The current application describes the research background, career development plan and Institutional commitment pertinent to the scientific career of the applicant. As required by the K02 mechanism, the applicant has already independent research support (R01 AI087803;NIAID).
The aim i s to strengthen and enhance the applicant's research efforts by providing at least 75% protected research time and thereby improving opportunities for building a successful science career. The applicant's studies are focusing on a novel domain of gastro-intestinal enzymology related to celiac disease. Celiac disease is an auto-immune disorder in which a host anti-self response is triggered by gluten-derived peptides in genetically predisposed individuals. Symptoms can be mostly reversed upon adherence to a gluten-free diet. Currently this avoidance strategy is the only treatment option available to celiac patients. It requires a life-long commitment to the gluten-free regimen and represents a social as well as a financial burden to the patient. One of the promising new therapeutic avenues pursued for celiac disease is gluten degradation and detoxification with enzyme preparations. We have discovered that the oral microbiome is a novel and rich source of gluten-degrading enzymes. In the past year we have isolated characterized and speciated the gluten enzyme-producing microorganisms. The elucidation of natural resident bacteria degrading gluten in the upper gastro-intestinal tract opens new therapeutic opportunities to neutralize the deleterious effects of these proteins. The major research goals for the next five years are to (1) Determine microbial enzyme activities under mock- gastro/duodenal conditions;(2) To characterize, clone and recombinantly express the most promising enzyme candidates;(3) To assess gliadin detoxification by selected microbes and purified enzyme preparations in vitro in a T-cell proliferation assay and in vivo in a mouse model for celiac disease. In addition, future studies are planned to investigate the striking structural similarities between gliadins and salivary proline-rich proteins (PRPs), and to investigate if PRPs possess gluten-like properties in terms of their capability to enhance/modulate immune responses in diet-responsive and refractory celiac disease.

Public Health Relevance

Gluten are proteins which are not tolerated by people who suffer from celiac disease. A promising therapeutic approach is the use of enzymes as dietary supplements to achieve gluten degradation and detoxification in vivo. The current application seeks to identify novel gluten-degrading enzymes expressed by resident microbes of the human upper gastrointestinal tract for their exploitation in the treatment of celiac disease.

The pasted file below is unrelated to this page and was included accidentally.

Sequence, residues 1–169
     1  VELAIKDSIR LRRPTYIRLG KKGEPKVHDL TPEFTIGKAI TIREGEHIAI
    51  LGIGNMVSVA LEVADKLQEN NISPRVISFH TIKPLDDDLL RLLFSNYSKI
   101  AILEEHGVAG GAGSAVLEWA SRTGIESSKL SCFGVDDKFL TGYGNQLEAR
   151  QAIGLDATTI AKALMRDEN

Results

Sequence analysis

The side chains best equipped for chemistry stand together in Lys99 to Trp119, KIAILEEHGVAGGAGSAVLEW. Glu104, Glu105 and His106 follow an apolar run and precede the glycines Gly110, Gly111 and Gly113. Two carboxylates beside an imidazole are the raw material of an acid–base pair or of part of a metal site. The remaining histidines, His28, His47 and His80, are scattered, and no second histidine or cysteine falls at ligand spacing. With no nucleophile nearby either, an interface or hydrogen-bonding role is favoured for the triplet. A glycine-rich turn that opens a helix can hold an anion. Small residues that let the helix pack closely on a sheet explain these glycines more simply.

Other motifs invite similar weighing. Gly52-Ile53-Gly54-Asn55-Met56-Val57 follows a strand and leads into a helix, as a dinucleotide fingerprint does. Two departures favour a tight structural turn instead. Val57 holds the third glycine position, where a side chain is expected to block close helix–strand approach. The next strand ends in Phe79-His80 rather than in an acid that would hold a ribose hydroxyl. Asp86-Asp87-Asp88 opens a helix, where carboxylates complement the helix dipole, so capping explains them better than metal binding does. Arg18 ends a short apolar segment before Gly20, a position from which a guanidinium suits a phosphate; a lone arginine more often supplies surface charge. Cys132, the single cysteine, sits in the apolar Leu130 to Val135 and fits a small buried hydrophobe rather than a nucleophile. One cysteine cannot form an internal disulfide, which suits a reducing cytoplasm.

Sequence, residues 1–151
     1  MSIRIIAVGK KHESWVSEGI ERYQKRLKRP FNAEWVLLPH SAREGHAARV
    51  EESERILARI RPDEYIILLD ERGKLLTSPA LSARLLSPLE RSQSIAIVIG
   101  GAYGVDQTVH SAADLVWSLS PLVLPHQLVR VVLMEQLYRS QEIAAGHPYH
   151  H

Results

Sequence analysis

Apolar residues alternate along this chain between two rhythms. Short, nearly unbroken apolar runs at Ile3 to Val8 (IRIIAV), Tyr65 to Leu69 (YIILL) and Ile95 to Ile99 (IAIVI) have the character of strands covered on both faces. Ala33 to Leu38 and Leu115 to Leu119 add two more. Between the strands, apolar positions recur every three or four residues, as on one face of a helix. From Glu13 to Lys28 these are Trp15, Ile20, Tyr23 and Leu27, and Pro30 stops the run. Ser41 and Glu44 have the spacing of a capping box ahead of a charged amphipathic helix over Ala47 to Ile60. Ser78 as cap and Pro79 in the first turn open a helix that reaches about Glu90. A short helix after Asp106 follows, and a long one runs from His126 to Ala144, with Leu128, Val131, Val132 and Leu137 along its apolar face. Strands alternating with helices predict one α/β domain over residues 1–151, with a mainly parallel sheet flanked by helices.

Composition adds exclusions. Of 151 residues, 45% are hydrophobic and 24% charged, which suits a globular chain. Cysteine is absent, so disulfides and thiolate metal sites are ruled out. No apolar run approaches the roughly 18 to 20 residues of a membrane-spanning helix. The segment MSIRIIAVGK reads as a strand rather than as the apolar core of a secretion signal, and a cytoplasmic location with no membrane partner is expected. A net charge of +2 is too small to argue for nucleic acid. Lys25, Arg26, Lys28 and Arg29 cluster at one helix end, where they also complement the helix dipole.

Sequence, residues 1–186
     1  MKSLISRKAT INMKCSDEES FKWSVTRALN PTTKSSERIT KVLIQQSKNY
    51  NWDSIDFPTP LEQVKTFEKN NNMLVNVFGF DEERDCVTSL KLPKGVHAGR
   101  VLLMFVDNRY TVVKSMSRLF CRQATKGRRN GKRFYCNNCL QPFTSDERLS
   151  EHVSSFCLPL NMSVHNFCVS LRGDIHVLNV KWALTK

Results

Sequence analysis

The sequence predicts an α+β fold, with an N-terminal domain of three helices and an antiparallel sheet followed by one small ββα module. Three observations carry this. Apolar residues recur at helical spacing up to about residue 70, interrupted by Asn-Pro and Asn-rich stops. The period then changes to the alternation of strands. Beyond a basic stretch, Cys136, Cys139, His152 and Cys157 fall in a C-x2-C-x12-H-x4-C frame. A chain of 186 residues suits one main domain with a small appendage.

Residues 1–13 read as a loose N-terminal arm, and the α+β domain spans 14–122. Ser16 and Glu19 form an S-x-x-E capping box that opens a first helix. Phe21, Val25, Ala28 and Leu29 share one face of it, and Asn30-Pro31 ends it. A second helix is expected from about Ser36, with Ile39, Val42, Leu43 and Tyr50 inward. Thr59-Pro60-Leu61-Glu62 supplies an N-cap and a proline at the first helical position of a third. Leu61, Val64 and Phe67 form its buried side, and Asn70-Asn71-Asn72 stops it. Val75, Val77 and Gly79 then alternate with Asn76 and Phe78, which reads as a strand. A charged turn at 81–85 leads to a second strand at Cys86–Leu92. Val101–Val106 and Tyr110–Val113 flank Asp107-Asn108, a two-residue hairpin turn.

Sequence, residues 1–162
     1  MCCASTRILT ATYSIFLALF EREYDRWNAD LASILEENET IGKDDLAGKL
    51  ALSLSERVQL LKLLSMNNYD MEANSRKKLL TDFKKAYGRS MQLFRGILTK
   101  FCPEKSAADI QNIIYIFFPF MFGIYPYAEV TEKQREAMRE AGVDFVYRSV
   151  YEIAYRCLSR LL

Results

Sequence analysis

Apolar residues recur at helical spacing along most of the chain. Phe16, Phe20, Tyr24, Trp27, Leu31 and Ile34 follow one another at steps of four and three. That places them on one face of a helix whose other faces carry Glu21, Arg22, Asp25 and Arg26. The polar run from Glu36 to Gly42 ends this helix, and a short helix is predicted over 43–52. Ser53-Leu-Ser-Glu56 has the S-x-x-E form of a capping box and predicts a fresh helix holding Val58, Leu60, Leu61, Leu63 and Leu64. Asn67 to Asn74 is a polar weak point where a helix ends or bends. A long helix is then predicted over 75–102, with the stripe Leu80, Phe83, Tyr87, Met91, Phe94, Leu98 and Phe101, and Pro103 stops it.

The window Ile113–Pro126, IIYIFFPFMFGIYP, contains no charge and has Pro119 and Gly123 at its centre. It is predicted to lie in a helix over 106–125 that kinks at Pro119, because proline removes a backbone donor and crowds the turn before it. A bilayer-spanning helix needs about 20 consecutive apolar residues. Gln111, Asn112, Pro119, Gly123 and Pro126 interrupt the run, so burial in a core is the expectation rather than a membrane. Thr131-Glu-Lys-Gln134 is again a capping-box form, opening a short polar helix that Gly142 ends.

Agency
National Institute of Health (NIH)
Institute
National Institute of Allergy and Infectious Diseases (NIAID)
Type
Research Scientist Development Award - Research (K02)
Project #
5K02AI101067-02
Application #
8681349
Study Section
Transplantation Biology &Immunology-2 (AITC)
Program Officer
Prograis, Lawrence J
Project Start
2013-06-15
Project End
2018-05-31
Budget Start
2014-06-01
Budget End
2015-05-31
Support Year
2
Fiscal Year
2014
Total Cost
Indirect Cost
Name
Boston University
Department
Dentistry
Type
Schools of Dentistry/Oral Hygn
DUNS #
City
Boston
State
MA
Country
United States
Zip Code
02118
Heller, D; Helmerhorst, E J; Oppenheim, F G (2017) Saliva and Serum Protein Exchange at the Tooth Enamel Surface. J Dent Res 96:437-443
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Tian, Na; Faller, Lina; Leffler, Daniel A et al. (2017) Salivary Gluten Degradation and Oral Microbial Profiles in Healthy Individuals and Celiac Disease Patients. Appl Environ Microbiol 83:
Wei, Guoxian; Tian, Na; Siezen, Roland et al. (2016) Identification of food-grade subtilisins as gluten-degrading enzymes to treat celiac disease. Am J Physiol Gastrointest Liver Physiol 311:G571-80
Heller, D; Helmerhorst, E J; Gower, A C et al. (2016) Microbial Diversity in the Early In Vivo-Formed Dental Biofilm. Appl Environ Microbiol 82:1881-8
Tian, Na; Leffler, Daniel A; Kelly, Ciaran P et al. (2015) Despite sequence homologies to gluten, salivary proline-rich proteins do not elicit immune responses central to the pathogenesis of celiac disease. Am J Physiol Gastrointest Liver Physiol 309:G910-7
Wei, Guoxian; Tian, Na; Valery, Adriana C et al. (2015) Identification of Pseudolysin (lasB) as an Aciduric Gluten-Degrading Enzyme with High Therapeutic Potential for Celiac Disease. Am J Gastroenterol 110:899-908
Tian, Na; Messana, Irene; Leffler, Daniel A et al. (2015) Salivary proline-rich proteins and gluten: Do structural similarities suggest a role in celiac disease? Proteomics Clin Appl 9:953-64
Helmerhorst, Eva J; Wei, Guoxian (2014) Experimental Strategy to Discover Microbes with Gluten-degrading Enzyme Activities. Proc SPIE Int Soc Opt Eng 9112:
Vukosavljevic, D; Hutter, J L; Helmerhorst, E J et al. (2014) Nanoscale adhesion forces between enamel pellicle proteins and hydroxyapatite. J Dent Res 93:514-9

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